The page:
FDA OKs saliva-based ovulation test

Sunday, January 20, 2002

WASHINGTON -- Women wishing to become pregnant are about to get a new way to predict when they are fertile: The government has approved the sale of the nation's first saliva ovulation test.

Women's estrogen levels gradually rise each month, peaking with ovulation, the time each month that they can conceive.

A woman can predict ovulation by measuring her body temperature's rise with estrogen's rise, undergoing a blood test to check hormone levels, or -- more common -- using a urine test that detects a surge in an estrogen-related hormone 24 to 36 hours before ovulation.

The new TCI Ovulation Tester is a reliable alternative that women may find less messy to use, Food and Drug Administration reviewer Veronica Calvin said Friday.

Roughly 50 years ago, scientists realized that as estrogen surges, the salt content of saliva increases, too, Calvin explained. When the saliva of an about-to-ovulate woman dries, the salt leaves a crystal pattern called ferning -- it actually looks like a fern plant -- that can be seen under a microscope.

The new test is a round device that pairs tiny slides with a handheld microscope.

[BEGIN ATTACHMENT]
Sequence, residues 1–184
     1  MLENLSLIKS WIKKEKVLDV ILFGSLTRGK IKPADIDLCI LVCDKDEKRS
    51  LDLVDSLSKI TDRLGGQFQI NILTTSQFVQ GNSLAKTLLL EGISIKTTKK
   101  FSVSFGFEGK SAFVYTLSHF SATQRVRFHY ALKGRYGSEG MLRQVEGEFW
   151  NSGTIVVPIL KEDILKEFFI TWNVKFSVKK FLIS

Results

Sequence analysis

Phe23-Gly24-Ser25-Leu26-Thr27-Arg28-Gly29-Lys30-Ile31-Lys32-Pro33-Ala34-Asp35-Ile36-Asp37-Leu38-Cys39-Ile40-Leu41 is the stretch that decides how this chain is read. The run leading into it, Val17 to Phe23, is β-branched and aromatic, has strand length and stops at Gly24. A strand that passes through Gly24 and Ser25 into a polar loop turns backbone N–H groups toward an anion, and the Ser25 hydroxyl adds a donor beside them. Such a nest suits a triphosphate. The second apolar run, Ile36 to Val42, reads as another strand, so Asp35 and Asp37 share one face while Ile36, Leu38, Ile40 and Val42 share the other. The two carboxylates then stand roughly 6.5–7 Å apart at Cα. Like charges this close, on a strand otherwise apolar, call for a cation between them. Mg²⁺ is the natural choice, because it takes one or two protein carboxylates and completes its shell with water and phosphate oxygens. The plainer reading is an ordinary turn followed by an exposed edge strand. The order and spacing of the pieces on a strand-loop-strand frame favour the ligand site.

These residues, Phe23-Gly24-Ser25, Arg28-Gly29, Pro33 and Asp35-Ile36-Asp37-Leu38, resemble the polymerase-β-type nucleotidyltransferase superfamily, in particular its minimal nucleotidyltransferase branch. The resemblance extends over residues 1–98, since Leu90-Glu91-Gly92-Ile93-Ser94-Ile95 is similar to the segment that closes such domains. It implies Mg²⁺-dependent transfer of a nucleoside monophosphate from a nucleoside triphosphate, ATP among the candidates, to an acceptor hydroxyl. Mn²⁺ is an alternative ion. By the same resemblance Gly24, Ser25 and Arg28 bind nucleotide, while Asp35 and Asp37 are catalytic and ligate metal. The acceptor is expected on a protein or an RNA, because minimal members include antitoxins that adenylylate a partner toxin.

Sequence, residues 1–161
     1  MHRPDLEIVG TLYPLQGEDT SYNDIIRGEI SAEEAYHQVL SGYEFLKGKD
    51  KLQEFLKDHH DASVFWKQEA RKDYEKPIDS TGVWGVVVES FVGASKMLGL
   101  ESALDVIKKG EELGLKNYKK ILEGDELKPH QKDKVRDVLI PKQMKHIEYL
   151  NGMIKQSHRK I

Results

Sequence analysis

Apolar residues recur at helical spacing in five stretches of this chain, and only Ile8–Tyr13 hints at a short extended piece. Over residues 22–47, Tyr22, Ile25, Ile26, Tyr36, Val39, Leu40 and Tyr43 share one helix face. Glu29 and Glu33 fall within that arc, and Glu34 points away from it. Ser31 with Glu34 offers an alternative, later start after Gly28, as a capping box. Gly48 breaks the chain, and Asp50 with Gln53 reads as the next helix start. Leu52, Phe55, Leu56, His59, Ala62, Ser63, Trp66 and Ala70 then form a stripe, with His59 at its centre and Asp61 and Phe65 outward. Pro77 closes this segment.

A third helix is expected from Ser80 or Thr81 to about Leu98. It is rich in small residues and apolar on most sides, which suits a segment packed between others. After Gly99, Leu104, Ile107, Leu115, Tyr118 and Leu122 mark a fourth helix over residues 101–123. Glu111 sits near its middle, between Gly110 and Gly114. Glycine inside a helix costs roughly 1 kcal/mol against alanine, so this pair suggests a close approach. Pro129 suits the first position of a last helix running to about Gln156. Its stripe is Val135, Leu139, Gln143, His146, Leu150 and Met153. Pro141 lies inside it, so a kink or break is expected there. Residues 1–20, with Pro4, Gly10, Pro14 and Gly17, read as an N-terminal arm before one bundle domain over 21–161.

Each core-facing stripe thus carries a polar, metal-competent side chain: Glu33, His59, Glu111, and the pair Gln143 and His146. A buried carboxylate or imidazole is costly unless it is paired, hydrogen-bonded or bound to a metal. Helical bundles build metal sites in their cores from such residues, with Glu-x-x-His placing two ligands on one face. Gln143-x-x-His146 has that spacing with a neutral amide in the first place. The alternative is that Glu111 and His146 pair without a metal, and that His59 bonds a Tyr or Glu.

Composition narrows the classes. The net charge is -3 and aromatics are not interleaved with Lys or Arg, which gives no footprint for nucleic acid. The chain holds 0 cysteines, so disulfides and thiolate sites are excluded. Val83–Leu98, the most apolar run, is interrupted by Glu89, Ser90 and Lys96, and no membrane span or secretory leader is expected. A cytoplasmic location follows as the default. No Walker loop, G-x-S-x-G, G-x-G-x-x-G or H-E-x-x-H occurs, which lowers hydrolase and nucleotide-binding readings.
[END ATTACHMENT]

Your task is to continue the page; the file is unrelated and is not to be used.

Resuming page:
Touch a little brush to saliva in your mouth, then dab it onto one of the slides. Let it dry and look through the eyepiece. If there's only a little of the salt -- potassium chloride -- seen as little dots, then ovulation isn't near yet. Test the next day and you may see the dots starting to form chains. Once a true fern pattern appears, ovulation is imminent.

90 percent reliable

In studies comparing the saliva test to urine tests, the TCI Ovulation Tester proved more than 90 percent reliable in indicating ovulation, Calvin said.

In fact, "one of the things that's interesting about this test is you may be actually getting a little bit of warning that you're getting close to ovulation" by watching the pattern gradually appear, said FDA medical device chief Dr. David Feigal.

With urine tests, in contrast, women have a chance of missing ovulation depending on when they test, because the results are given as a simple yes or no instead of suggesting whether hormones are increasing, he said.

Manufacturer TCI Optics said it will begin selling the nonprescription test, for $59.95, in a few weeks. Sales will begin via the company's Internet site -- www.ovulationtester.com -- or by telephone at 1 (866) OVULATION. But the company is negotiating with larger medical firms in hopes of beginning drugstore sales as well, a spokesman said.

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